SA spluttering through the fog

Image courtesy stock.xchnge

Image courtesy stock.xchnge

Fears are mounting that economic growth may be grinding to a halt, with mining and manufacturing under significant pressure, vehicle sales declining and electricity constraints taking their toll.

Speaking at an Old Mutual Investment Group quarterly briefing, senior economist Johann Els said although GDP growth of between 0% and 1% is expected in the second quarter, there were worries actual growth may be “very close to 0%”.

This compares to growth of 1.3% in the first quarter and 4.1% in the fourth quarter of last year. Second quarter GDP figures come out later this month. While some are concerned the South African economy may be heading for recession (technically, two consecutive quarters of negative growth), bumping along the zero line is almost as bad, he said.

But a few economic factors have improved since 2014. Els said the inflation outlook has moderated and he only expects one more interest rate hike of 25 basis points during the current cycle, which will bring the prime lending rate to 9.75% by the end of 2015.

“It is going to be a mild cycle, which will help consumers.” Although the 2003 to 2007 boom in consumer spending won’t be repeated soon, it is unlikely consumers will experience the recessionary conditions of 2008.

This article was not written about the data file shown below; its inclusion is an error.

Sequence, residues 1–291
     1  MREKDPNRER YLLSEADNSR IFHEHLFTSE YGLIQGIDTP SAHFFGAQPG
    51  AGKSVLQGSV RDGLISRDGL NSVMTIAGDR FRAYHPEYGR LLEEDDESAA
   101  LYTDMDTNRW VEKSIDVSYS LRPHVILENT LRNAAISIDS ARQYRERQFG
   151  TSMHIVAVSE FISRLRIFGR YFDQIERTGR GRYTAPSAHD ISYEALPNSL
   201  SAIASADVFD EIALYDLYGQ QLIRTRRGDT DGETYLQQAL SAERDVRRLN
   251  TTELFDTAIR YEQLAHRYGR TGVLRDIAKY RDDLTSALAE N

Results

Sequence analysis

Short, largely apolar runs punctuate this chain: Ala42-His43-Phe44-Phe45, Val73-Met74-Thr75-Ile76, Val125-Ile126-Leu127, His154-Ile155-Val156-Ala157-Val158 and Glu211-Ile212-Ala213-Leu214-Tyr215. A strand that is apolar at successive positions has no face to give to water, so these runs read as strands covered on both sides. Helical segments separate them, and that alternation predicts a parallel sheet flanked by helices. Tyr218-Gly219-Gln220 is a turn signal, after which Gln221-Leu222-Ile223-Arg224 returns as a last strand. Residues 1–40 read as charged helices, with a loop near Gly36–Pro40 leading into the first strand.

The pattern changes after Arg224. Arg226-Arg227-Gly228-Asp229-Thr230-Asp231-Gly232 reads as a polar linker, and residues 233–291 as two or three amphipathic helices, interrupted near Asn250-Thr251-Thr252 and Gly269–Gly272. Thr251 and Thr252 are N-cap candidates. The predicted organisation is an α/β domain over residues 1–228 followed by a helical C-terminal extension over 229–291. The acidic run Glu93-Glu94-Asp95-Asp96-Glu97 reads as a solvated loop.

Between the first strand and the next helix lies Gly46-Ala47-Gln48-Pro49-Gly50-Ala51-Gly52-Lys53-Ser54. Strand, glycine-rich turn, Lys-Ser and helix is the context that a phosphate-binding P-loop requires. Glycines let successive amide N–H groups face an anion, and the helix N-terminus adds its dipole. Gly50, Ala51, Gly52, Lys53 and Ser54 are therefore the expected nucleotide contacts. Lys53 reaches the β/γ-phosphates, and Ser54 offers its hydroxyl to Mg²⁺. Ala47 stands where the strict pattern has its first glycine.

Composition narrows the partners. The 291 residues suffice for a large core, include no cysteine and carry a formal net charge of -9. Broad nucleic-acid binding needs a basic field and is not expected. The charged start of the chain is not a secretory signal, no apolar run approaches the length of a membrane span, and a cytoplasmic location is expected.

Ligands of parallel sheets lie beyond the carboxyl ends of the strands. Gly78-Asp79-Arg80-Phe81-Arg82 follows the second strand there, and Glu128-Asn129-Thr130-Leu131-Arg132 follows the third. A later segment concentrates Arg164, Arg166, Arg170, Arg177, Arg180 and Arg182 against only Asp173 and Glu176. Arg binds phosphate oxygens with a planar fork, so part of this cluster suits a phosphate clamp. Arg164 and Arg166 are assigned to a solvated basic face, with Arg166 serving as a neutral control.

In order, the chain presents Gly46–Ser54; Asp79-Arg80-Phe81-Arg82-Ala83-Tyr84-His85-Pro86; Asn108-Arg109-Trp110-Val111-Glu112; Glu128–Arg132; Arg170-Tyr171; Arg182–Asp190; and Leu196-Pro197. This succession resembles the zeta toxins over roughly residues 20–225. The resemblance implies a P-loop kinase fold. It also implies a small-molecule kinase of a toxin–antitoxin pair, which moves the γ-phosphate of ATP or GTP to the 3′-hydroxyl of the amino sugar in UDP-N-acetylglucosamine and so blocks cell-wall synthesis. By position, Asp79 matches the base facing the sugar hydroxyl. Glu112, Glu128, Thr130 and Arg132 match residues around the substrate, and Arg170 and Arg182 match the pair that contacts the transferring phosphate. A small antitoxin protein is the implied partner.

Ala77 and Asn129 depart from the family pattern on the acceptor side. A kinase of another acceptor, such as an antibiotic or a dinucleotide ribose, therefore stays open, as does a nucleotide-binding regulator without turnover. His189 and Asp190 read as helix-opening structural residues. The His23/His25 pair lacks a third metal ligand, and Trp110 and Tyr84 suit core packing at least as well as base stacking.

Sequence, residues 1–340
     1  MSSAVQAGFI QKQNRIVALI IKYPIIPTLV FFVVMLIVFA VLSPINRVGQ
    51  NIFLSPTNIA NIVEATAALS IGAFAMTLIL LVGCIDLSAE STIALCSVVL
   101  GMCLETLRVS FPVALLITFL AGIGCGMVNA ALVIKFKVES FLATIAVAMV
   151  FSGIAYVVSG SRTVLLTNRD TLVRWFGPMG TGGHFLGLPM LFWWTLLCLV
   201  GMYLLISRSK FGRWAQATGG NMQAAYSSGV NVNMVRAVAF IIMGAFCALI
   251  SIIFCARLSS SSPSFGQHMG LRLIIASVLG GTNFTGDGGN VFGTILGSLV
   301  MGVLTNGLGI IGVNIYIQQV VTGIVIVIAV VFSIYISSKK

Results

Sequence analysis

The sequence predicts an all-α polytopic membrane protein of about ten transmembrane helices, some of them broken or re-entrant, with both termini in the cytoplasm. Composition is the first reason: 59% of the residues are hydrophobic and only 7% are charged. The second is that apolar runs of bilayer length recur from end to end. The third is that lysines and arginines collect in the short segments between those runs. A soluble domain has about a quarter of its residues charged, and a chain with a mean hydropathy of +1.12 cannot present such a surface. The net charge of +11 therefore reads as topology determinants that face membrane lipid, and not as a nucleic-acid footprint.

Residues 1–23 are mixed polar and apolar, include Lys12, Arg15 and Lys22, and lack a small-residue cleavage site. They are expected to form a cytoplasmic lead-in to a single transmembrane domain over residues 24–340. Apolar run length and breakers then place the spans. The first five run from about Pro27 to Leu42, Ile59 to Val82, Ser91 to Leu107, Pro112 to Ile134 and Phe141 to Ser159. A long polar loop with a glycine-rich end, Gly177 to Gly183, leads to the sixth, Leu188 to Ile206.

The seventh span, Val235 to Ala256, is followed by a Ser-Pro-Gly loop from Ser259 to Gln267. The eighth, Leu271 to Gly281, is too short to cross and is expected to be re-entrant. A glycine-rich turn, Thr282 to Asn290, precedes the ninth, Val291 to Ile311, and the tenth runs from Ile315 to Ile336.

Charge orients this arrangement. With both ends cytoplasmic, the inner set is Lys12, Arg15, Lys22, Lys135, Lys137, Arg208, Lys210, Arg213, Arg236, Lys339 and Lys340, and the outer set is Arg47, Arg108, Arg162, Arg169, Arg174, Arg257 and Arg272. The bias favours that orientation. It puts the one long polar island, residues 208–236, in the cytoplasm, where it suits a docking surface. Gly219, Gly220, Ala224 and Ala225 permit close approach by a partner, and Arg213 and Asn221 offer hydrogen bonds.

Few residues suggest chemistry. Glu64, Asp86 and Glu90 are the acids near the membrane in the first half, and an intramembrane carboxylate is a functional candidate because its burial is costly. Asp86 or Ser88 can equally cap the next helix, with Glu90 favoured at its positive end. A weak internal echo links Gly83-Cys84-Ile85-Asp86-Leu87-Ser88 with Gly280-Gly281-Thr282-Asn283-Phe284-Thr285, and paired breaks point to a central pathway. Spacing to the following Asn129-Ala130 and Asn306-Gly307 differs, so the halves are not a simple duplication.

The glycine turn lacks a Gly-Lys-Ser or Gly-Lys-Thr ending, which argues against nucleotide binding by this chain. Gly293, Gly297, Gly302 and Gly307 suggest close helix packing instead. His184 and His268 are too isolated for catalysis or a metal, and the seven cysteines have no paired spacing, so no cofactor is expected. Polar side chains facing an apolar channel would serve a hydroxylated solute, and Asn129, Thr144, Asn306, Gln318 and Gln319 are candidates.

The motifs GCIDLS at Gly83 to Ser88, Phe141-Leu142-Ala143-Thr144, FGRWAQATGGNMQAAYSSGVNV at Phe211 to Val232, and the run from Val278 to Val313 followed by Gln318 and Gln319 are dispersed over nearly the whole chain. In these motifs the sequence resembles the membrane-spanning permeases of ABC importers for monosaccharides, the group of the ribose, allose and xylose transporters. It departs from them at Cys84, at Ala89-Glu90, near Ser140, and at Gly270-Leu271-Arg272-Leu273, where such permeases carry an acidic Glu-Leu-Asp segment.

Els said in the absence of a global recession and a deep local recession, they don’t expect significant economy-wide job losses. While sectors such as mining will shed jobs, it is unlikely disposable income growth will collapse as it did during the previous downturn.

The current account deficit is forecasted to narrow to 4.3% of GDP this year and 4% in 2016. This compares to 5.8% in 2013 and will help to stabilise the rand, he said. In recent weeks the rand has traded at its weakest level since 2001 against the dollar.

Els said the rand has been amongst the weakest currencies during this period and finds itself in the company of Brazil, Russia and Turkey. If the exercise is repeated from January 2014 onwards, the rand is in more or less the same position as the currencies of New Zealand and Australia, which have been hurt by a stronger dollar and weak commodity prices.

“We are not out of line. You can make an argument that maybe all the negatives in the South African economy have been priced into the currency.”

However, over the medium to longer term the rand is still expected to weaken, given the inflation differential between South Africa and its trading partners. In the short term there is a possibility that the currency may stabilise somewhat once the US Federal Reserve starts hiking rates, he said.




today in print